Did you reinvent yourself when you became an expat?

Siem Reap Monk

We discuss many of the advantages of expat life here, along with some of the disadvantages, but one topic that seems to be rarely addressed is one I find very interesting, namely that moving to a new country (or a new city for that matter) allows you to reinvent yourself. I really wonder how many other people consider this, or perhaps do it without even thinking about it?

The topic came up after reading another very interesting column from the Telegraph, this one called “Expat chameleon syndrome,” which is what the writer calls those who transform their personality or lifestyle after moving abroad. At the risk of seeming pedantic, I don’t really agree with this label because chameleons are known to blend in, while reinventing yourself might very well be attempting to stand out for once in your life.

The advantages of a new beginning

Even before I left the US, I moved around from state to state a lot, and I always appreciated that new beginning. It seems certain that each of us has things about our personality that “need work” so to speak, and it can be difficult and feel very awkward to suddenly make a shift from one day to the next in your hometown, where many people already know your style.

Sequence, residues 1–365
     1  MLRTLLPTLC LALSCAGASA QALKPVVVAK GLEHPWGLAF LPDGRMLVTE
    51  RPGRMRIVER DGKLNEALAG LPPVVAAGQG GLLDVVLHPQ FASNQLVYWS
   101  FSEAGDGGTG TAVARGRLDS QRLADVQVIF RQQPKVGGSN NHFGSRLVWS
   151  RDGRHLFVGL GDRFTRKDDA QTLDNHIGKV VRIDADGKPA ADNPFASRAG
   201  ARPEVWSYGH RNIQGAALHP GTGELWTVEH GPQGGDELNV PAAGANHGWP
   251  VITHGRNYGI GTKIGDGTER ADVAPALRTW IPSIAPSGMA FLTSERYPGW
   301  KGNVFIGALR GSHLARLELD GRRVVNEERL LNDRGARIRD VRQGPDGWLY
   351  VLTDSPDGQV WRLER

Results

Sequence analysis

I happen to be quite shy, especially in groups of 4 or more people that I don’t know well, and it feels very unnatural to force myself to be more outgoing in a situation I’ve been in many times before. When you move to a new city or country you won’t have any habits that are tied to a group of people or a location. At least to me, it feels much easier to consciously try new things when I’m in a totally new and unfamiliar setting.

The novelty of being from elsewhere

Honestly, I think the main reason I’ve moved around for most of my adult life is that things seem way too familiar quickly to me. In my hometown (which happens to be Fountain Valley, California), it seemed like I could predict the next 10 things that each person was going to say because we all knew each other well and had nearly identical upbringings.

When you move to a new place for the first time the conversations are much harder to predict. Better still, you are almost certainly somewhat exotic to the locals and probably to other expats. Of my 20 or so best expat friends where I’m currently living in Turkey, almost none of them knew each other until they got here, so we can each chat about our own childhood and hometown and the stories are fresh.

It’s probably overstating it by at least a little, but when I roll into a new town I feel a bit like a celebrity. Many local people ask where I’m from and I usually say “America,” after which they usually ask if I’m from California. There’s no way they pick up on my accent so it must just be the fact that one in every eight Americans is from California and it’s also the most famous state.

At least in short bursts, I’m interesting to people in places I travel. It’s fun when people mention that they have a relative who lives in California, sort of hoping that I might know them, in spite of a population of around 40 million.

It also allows me to be as outgoing as I want, or as introspective as I want, without worrying that my old friends think I’m being phony all of a sudden.

Have you used a new location to try a new style yourself?


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